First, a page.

DRUG TESTING (US SUPREME COURT)
In 1991, seventh grader James Acton challenged the drug-testing program initiated by his school in
The Supreme Court ruled 6-3 that the students' Fourth Amendment rights were outweighed by the school's interest in fighting drugs. The court said that since student athletes shower and change clothes in front of each other, urine testing wasn't a big invasion of privacy. And because athletes served as "role models" for the student community, it was important for them to be drug free.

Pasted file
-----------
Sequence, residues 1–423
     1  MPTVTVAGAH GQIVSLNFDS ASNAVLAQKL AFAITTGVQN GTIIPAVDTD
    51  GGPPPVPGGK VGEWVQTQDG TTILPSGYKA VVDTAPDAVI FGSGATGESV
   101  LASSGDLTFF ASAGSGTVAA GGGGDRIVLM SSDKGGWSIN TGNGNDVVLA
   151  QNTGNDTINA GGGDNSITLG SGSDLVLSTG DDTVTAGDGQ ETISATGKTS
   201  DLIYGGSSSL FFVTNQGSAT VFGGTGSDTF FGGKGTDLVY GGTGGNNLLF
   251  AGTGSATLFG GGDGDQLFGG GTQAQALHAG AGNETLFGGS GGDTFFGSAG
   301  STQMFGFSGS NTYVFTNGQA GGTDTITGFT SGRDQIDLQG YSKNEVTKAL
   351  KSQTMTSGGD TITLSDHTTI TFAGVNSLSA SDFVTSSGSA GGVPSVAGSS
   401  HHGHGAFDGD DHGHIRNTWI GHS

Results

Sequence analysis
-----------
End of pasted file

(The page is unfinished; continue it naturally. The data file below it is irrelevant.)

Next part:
An important dissent was written by former Supreme Court Justice Sandra Day O'Connor. She expressed her concern that the court had thrown out the Fourth Amendment by doing away with the requirement that there had to be "individualised suspicion" the suspicion that an individual had done something wrong in order to search that person.
The Supreme Court ruling opened the door for schools to institute drug-testing programs for after school sports programs.
Listen to the oral arguments: http://www.oyez.org/cases/1990-1999/1994/1994_94_590